Today, as a companion to The Oral History of the 1996 Chicago Bulls published last week, we take a closer look at the formation of the Supersonics from that same season, and basketball in Seattle. 


When former Sonics general manager Bob Whitsitt looks back at his tenure in Seattle in which he earned the nickname “Trader Bob” for his volume of transactions and helped put together a core group that won 64 games and made the NBA Finals in 1996, he remembers two major risks that paid off. 

Entering the 1989 draft with two first round picks (16th and 17th), Whitsitt was convinced the 19-year-old Shawn Kemp was a combination of Charles Barkley and Dominique Wilkins. Owner Bob Ackerley disagreed, but Whitsitt decided he would sleep better at night if he went with his intuition. Kemp was so young his mother had to co-sign his first NBA draft. But in practices, Whitsitt saw a teenager with physical gifts and a mental toughness that would make him a special player. Kemp refused to back down each day against teammate Xavier McDaniel, eventually he became the team’s franchise player. 

A young Gary [Payton] was pretty brash. He didn’t really have an off button and rubbed people the wrong way.

The following year, Whitsitt used the No. 2 overall pick to select a point guard named Gary Payton from Oregon. “A young Gary was pretty brash,” Whitsitt remembers. “He didn’t really have an off button and rubbed people the wrong way.” Nate McMillan, a veteran guard drafted in 1986, was able to keep the locker room together. According to teammates, Payton, who was known for his constant chatter on the court, never stopped talking in practice either.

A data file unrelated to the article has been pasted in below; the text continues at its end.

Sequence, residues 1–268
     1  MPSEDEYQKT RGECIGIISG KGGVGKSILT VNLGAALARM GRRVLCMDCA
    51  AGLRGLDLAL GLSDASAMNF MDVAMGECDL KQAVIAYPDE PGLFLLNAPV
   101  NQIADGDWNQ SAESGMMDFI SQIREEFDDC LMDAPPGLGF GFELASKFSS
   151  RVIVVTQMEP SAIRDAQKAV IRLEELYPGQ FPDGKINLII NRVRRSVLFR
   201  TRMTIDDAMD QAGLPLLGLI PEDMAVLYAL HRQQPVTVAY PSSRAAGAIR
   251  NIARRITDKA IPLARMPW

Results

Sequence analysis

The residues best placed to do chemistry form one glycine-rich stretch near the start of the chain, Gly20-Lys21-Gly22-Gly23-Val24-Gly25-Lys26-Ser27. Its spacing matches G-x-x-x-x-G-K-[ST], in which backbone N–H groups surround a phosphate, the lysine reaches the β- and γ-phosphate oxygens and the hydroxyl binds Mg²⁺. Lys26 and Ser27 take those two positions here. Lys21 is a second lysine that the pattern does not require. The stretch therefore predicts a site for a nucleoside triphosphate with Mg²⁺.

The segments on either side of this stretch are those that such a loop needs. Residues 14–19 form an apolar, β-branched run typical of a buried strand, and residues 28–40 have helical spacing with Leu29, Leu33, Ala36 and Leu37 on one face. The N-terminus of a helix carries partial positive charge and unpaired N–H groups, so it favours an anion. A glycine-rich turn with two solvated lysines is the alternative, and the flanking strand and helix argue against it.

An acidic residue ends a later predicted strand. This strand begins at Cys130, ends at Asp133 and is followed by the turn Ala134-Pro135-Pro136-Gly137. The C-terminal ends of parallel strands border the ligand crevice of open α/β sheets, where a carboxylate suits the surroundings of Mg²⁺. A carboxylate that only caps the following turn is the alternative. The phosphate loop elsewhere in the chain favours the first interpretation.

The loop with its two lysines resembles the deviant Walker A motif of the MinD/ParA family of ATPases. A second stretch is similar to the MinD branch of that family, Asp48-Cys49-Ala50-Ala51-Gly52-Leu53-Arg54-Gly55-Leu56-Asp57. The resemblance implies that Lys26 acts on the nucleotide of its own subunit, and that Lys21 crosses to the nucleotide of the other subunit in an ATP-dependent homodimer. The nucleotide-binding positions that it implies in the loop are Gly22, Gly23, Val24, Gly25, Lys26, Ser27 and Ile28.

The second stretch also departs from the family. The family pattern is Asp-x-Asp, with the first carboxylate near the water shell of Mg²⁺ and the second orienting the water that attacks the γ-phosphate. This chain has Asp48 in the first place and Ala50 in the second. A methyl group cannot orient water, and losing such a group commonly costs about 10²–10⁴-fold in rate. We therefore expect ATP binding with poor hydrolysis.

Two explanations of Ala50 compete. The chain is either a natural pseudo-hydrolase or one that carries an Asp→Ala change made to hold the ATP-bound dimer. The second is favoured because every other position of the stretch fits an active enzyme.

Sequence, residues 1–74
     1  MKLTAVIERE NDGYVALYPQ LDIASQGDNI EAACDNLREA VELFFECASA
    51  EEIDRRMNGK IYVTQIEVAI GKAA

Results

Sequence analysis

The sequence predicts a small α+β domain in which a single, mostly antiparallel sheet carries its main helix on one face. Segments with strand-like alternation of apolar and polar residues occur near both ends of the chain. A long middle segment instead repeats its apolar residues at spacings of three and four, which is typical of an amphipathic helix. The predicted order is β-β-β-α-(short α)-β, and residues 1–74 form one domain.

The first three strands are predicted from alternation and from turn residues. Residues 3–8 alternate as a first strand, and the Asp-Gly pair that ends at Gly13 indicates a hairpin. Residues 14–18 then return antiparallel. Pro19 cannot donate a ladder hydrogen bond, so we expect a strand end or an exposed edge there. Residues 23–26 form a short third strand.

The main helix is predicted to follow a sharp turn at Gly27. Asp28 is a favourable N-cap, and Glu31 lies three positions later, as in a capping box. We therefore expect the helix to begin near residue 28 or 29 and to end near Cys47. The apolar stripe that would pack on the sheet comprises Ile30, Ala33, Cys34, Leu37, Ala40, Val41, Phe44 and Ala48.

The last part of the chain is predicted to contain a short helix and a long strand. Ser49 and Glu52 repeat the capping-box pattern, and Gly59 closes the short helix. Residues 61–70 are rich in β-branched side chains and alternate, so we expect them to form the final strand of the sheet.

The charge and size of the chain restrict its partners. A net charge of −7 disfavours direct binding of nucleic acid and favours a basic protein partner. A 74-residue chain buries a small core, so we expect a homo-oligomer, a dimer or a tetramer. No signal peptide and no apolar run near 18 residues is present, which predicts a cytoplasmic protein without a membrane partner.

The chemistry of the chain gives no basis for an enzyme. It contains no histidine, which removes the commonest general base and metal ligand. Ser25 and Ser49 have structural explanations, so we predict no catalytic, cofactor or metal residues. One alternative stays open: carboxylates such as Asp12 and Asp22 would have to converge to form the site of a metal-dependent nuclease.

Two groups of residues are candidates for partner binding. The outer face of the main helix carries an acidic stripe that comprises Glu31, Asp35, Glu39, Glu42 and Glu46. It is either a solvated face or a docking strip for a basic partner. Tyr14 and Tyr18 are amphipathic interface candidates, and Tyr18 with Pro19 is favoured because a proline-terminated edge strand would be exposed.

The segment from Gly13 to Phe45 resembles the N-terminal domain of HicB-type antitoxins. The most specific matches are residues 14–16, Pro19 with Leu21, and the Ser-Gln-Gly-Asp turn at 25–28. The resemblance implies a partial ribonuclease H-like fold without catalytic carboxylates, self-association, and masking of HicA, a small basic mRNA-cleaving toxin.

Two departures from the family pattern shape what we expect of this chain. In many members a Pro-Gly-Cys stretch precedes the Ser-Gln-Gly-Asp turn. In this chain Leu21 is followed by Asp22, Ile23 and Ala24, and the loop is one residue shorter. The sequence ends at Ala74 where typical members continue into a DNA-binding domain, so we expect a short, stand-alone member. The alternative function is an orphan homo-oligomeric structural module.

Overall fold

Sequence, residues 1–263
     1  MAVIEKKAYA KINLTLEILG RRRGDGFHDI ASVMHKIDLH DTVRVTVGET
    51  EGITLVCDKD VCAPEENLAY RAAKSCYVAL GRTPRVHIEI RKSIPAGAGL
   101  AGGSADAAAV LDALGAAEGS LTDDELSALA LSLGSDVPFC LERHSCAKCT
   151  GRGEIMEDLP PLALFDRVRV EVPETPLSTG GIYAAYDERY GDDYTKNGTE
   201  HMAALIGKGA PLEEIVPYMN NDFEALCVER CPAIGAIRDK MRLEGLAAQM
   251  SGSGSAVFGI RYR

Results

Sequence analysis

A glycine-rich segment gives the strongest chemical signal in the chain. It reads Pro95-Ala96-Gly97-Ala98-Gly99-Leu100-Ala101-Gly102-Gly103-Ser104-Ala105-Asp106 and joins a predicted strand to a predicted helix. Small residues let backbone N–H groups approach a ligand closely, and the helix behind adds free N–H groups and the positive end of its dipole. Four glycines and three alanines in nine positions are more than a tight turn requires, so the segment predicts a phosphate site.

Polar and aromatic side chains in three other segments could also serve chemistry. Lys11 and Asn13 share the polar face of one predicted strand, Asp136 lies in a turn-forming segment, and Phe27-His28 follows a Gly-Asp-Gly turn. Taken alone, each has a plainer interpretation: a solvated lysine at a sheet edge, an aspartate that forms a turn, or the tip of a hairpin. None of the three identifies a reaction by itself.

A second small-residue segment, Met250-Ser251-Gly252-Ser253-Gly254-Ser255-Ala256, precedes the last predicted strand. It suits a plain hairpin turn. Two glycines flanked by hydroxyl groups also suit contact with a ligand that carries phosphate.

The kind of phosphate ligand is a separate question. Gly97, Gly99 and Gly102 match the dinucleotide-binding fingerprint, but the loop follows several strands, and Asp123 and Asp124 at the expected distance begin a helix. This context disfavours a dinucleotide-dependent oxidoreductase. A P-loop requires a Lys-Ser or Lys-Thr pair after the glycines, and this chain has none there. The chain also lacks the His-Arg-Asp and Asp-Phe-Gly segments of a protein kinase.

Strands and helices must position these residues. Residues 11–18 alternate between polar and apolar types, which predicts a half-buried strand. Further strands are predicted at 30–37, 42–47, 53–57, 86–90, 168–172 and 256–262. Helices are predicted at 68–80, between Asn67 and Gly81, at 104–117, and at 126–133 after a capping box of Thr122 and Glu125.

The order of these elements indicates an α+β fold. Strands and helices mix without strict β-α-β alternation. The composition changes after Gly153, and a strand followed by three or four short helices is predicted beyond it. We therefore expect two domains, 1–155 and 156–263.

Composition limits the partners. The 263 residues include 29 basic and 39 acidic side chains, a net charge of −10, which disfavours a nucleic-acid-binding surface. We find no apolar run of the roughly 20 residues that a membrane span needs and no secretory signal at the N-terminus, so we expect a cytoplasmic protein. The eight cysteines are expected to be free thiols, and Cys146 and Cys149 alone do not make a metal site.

Detlef Schrempf remembers how Payton would sit on the sidelines and moderate practices with his mouth even when he wasn’t participating. “And then,” McMillan said, “we would say something to him, and off came the ice pack and he’d come out and join us.” The way McMillan defended Payton in practice was strategic. He approached in silence. “If you didn’t say anything to him,” McMillan said. “Gary would get bored and pass the ball. That’s why a guy like John Stockton always had success against him. He never said a word, and that gave Gary trouble because he couldn’t find a way to go at him.”

The Sonics had two generational talents in Payton and Kemp to build around. But in the middle of the 1991-92 season, they needed a new head coach. K.C. Jones was let go in January. Whitsitt was tasked by Ackerley to select a new man in charge. He remembered being intrigued by George Karl, who had last coached in the NBA in 1988, but had bounced around the CBA and overseas and was currently working for Real Madrid in Spain. In conducting his background checks, Whitsitt talked to over 40 people around the league about Karl. Many of them told Whitsitt to pursue someone else. Karl wasn’t worth the trouble, they told him. 

“George’s ego was so massive, he pissed off everybody in the NBA, from the coaches to the owners,” Whitsitt said. “He thought the NBA didn’t exist before he came into it.”